If you go far enough back in my family tree, you’ll find Scottish ancestry—both my mom and I had Scottish maiden names. Perhaps that’s the reason that I’ve always been fascinated by things Scottish. My husband wore a kilt for our wedding and his wedding ring is a Celtic love knot. Lily’s real name has Gaelic origins. I’ve made oatcakes and eaten haggis, and I love bagpipes (that’s the best part of summer parades). So when I saw Healer by Linda Windsor, I was intrigued.
Brenna of Gowrys has lived as a fugitive since her parents were killed in a lovers’ feud. The man who murdered her parents seeks her life as well, fearing her dying mother’s prophecy. She lives alone with only her wolf for company—until the day that she and her wolf save a man from ambush. Brenna begins to hope that this man will save her from her life of loneliness. But her love is put to the test when she learns this man is her enemy.
As Brenna and Ronan return to his people, they face more challenges to their love. Not everyone is willing to set aside the twenty-year-old feud between their peoples. And somewhere, the man who tried to kill Ronan once is still alive, waiting to strike again.
Linda Windsor weaves a spell-binding tale of love and hate in medieval Scotland. Brenna and Ronan’s story is tied to the legends of King Arthur as well as to legends about Joseph of Arimathea carrying the Gospel—and an ancient bloodline—to Scotland. While Linda skilfully weaves the history and legends into the story, they were still confusing at times as titles and lineages and legends mixed together. Glossaries at the back helped to explain more details.
In Healer, Linda also attempts to delve into Christian faith versus evil magic. She shows how knowledge of herbs and nature can be used for good in the hands of a healer like Brenna or for evil in the hands of a power-hungry woman like Rhianon. And besides Frank Peretti, she’s only the author I’ve read who tackles spiritual warfare and demonic possession.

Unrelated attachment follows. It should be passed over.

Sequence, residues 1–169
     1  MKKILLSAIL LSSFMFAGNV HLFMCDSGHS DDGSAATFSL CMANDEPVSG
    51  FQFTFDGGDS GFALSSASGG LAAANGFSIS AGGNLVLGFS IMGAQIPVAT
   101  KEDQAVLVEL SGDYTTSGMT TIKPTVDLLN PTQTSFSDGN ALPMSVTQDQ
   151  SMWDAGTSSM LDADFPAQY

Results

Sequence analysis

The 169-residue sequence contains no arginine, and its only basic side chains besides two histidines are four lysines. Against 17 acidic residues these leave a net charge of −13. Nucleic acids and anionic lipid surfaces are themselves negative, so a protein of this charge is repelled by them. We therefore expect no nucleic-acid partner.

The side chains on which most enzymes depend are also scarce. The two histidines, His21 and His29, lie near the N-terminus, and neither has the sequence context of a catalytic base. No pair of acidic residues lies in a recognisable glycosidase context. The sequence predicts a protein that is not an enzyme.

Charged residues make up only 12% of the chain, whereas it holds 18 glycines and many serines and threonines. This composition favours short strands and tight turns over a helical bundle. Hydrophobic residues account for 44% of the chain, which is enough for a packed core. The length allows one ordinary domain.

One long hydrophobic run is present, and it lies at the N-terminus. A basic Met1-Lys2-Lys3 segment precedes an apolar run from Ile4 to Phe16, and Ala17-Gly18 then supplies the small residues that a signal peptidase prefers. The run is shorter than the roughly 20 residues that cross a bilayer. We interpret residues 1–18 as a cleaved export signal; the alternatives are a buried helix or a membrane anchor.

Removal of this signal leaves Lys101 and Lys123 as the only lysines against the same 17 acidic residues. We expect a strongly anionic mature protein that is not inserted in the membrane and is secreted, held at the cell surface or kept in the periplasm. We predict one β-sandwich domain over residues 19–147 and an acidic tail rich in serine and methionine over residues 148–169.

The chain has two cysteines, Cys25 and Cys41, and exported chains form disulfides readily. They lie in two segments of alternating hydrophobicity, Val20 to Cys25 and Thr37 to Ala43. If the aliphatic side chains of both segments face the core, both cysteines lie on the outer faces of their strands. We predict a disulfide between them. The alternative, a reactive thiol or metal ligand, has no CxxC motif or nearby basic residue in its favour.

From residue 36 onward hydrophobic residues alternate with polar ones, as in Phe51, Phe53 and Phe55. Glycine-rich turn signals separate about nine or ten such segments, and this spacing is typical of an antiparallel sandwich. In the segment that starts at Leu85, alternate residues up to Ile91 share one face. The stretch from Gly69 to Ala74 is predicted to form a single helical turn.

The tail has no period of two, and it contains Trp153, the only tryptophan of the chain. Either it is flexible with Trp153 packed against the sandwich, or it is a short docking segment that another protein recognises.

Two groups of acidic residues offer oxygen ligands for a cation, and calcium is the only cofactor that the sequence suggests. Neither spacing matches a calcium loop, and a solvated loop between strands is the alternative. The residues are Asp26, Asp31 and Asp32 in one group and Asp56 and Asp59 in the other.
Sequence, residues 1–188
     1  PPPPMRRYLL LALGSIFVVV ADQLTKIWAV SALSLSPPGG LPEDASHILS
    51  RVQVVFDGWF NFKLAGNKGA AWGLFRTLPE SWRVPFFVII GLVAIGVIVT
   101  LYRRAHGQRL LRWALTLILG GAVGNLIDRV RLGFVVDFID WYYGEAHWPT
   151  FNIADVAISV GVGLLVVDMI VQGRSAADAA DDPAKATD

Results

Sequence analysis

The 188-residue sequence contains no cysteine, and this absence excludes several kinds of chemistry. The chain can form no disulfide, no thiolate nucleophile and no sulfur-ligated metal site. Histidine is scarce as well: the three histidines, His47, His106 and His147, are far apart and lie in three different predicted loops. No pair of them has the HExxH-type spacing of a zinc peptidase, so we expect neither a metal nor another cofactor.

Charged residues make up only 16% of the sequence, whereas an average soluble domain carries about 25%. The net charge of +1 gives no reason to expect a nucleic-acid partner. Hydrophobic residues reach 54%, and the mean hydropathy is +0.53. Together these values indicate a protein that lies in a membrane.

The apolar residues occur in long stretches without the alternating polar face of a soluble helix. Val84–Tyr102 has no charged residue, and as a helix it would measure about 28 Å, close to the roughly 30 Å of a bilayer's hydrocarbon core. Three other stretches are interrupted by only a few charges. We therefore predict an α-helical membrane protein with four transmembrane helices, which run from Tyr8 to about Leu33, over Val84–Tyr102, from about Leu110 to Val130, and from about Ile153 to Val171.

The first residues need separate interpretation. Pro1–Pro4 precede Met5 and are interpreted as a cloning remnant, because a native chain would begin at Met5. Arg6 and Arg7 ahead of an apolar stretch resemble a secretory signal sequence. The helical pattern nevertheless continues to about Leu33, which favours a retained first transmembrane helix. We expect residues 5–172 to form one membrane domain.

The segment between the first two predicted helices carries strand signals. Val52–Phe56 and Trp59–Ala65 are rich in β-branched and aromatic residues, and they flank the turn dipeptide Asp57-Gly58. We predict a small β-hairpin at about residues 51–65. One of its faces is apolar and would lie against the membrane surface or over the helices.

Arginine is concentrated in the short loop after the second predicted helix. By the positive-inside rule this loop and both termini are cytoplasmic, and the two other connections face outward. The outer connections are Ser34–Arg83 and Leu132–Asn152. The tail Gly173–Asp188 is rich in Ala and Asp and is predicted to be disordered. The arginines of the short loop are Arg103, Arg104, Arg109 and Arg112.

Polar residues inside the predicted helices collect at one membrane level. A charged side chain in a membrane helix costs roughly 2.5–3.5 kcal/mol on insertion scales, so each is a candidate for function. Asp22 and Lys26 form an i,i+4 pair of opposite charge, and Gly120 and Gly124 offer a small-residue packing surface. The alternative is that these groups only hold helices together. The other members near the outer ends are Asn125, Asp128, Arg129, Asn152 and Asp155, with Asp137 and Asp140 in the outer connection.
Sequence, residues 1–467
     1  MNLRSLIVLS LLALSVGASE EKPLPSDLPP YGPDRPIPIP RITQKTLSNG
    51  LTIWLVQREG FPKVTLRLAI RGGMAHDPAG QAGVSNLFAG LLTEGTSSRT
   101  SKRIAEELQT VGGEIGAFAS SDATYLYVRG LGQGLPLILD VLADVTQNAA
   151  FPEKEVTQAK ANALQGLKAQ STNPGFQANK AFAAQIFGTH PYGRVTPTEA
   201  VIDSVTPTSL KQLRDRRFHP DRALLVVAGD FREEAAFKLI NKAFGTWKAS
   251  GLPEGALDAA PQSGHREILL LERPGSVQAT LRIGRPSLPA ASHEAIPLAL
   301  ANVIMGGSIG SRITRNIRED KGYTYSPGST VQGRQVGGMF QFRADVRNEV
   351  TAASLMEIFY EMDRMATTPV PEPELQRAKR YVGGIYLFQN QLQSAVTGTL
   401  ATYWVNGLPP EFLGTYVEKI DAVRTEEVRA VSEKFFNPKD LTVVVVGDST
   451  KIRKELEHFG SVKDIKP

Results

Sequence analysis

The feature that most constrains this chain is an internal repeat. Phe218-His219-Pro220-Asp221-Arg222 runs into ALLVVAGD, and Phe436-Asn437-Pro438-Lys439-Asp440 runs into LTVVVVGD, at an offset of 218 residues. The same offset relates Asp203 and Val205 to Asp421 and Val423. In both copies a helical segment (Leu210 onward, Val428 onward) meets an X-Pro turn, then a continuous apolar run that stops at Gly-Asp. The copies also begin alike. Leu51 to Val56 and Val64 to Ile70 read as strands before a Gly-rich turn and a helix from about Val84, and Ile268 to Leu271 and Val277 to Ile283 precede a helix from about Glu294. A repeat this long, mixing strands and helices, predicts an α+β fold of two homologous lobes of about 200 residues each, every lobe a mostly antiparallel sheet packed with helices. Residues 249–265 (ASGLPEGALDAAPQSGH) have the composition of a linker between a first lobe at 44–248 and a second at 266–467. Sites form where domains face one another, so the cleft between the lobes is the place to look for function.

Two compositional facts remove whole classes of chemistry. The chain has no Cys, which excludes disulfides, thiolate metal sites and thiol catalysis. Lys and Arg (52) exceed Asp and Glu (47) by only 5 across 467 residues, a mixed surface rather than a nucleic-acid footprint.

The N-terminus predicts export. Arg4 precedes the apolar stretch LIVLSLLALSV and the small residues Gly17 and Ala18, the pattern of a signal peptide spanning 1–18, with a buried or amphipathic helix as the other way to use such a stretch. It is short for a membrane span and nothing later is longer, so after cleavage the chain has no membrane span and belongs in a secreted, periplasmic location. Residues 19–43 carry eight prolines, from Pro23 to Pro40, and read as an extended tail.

This book has found a space in the boxes I packed. In fact, when I went to put it on my bookshelf, I discovered I already had a Linda Windsor novel: Along Came Jones, which I bought just for the title (my brothers were big fans of the song and artist) and which is one of very few romances I really enjoyed. I’m looking forward to seeing the next two books in the Brides of Alba series—and finding out how Ronan’s brother Caden’s story ends. To read an excerpt of the book, visit Linda’s website. You can also view the book trailer.
I received this book for review courtesy of the publisher. This post contains affiliate links; as an Amazon Associate, I earn from qualifying purchases.
Linda – thanks so much for dropping by! I’m honoured. I really enjoyed The Healer and all the research that you put into it. (My own attempts at starting to research a historical fiction novel have made me appreciate the amount of research done to produce a good book, especially when the topic is difficult like the one you chose for The Healer.)
Dear Koala Bear Writer,
THANK YOU for your wonderful review of HEALER. And blessed be to another Celtic anmchara (soulmate).
I could not leave out the research differentiating nature magic or proto-science from dark magic, nor neglect the Celtic church’s witness to a pagan world. The world hasn’t really changed all that much and that witness of love and establishing commonality rather than reacting in judgment is just as effective today as ever.
I hope your followers will drop by my website at www.LindaWindsor.com and enter a contest for a signed copy of HEALER.
In the meanwhile, be blessed,